In 1953 Prior had read of the work of the Megarian logician Diodorus Chronos in Benson Mates' book Stoic Logic. Prior later wrote of Diodorus that he ‘seems to have been an ancient Greek W.V. Quine, who regarded the Aristotelian logic of possibility and necessity with some scepticism, but offered nevertheless some “harmless” senses that might be attached to modal words' (1967a: 16). Diodorus defined the possible as what is or will be true: according to Diodorus, what actually happens is all that can happen. Prior found this deterministic definition uncongenial and set himself the task of locating a fallacy in the argument that Diodorus used to support it, the so-called Master Argument:
The aim of the Master Argument, as I conceive it, was to refute the Aristotelian view that while it is now beyond the power of men or gods to affect the past, there are alternative futures between which choice is possible. Against this, Diodorus held that the possible is simply what either is or will be true. (Prior 1962a: 138; see also 1967a: 33.)
Consideration of the Master Argument brought together three of Prior's great interests: indeterminism, modal logic, and the logic of time. In the course of his reflections on the argument, Findlay's footnote pushed its way to the front of his mind. His wife Mary remembers ‘his waking me one night, coming and sitting on my bed, and reading a footnote from John Findlay's article on time, and saying he thought one could make a formalised tense logic’.
Prior's earliest calculus of tenses (set out in ‘Diodoran Modalities’) was the system produced by adding the following axioms, rules, and definition, to the ordinary propositional calculus. (1) F(p ∨ q) ≡ (Fp) ∨ (Fq). (2) FFp → Fp. (3) If p ≡ q is provable in the calculus (or is an axiom) then Fp ≡ Fq follows. (4) If p is provable in the calculus (or is an axiom) then Gp follows; where Gp, the future perpetual form ‘It will always be the case that p’, is defined as -F-p. There was clearly more work to be done on this calculus—for one thing there was no mention of the past—and Prior duly set about expanding the calculus. He worked fast, and in August 1954 he unveiled a system of far greater sophistication, in his Presidential Address to the second New Zealand Congress of Philosophy (held in Wellington).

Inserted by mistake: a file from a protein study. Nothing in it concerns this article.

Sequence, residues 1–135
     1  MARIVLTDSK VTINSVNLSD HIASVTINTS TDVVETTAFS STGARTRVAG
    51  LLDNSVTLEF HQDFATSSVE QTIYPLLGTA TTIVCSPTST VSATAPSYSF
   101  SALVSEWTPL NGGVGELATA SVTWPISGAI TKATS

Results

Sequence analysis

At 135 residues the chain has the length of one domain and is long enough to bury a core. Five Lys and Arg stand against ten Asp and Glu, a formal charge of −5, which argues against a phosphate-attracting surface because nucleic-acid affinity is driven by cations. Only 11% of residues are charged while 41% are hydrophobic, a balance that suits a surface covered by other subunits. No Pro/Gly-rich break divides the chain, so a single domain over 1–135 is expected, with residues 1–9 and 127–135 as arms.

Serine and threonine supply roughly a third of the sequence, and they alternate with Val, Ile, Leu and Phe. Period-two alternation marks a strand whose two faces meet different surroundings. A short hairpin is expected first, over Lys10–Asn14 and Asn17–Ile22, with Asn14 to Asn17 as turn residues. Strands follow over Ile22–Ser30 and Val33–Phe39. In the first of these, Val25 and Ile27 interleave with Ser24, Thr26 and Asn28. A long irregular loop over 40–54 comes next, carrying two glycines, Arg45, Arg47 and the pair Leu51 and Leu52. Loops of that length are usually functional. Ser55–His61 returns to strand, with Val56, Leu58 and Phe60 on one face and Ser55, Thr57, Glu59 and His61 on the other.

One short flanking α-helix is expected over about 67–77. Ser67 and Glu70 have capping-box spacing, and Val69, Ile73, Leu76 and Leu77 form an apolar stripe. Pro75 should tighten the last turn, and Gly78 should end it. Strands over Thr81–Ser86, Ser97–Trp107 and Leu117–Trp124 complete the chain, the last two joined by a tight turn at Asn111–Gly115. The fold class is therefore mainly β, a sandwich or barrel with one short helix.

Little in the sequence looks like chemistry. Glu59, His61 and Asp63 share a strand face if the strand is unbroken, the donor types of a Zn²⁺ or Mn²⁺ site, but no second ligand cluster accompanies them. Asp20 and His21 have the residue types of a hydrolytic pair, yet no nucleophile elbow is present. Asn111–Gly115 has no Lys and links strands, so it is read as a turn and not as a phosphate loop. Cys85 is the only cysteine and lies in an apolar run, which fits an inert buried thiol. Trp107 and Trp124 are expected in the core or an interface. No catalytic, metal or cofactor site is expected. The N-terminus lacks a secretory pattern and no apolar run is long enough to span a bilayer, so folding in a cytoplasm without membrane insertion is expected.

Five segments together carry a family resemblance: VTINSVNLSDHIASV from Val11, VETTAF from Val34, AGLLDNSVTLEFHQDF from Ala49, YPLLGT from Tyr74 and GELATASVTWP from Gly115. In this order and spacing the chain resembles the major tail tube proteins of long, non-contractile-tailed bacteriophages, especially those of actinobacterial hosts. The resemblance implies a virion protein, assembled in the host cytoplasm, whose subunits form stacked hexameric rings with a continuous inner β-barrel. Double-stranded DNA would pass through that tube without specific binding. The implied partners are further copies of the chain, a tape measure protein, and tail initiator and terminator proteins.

Prior's expanded calculus contained two additional axioms concerning futurity, Gp → Fp and Fp → FFp. There was also a simplification: instead of following his previous practice and defining G as -F-, Prior took G as undefined and defined F as -G-; this enabled him to replace the somewhat unwieldy axiom (1) by the more elegant G(p → q) → (Gp → Gq). This calculus of ‘pure futurity’ he transformed into a calculus of ‘pure pastness’ by replacing F throughout the axioms, rules, and definition, by the past tense operator P (‘It has been the case that’), and replacing G by the past perpetual operator H (‘It has always been the case that’). Like ordinary modal logic, both these ‘pure’ calculi are monomodal; that is, each contains only one undefined modal operator. Prior wanted a ‘full tense calculus', containing the two undefined operators G and H, together with the operators F and P defined in terms of them (such a calculus is known as a bimodal logic). To obtain the full calculus it was not enough simply to bundle together the two ‘pure’ systems, for the two tense operators would then remain independent of one another. Some interactive axioms, ‘laws which relate to the interaction of pastness and futurity’, were also required. Prior chose p → GPp and p → HFp.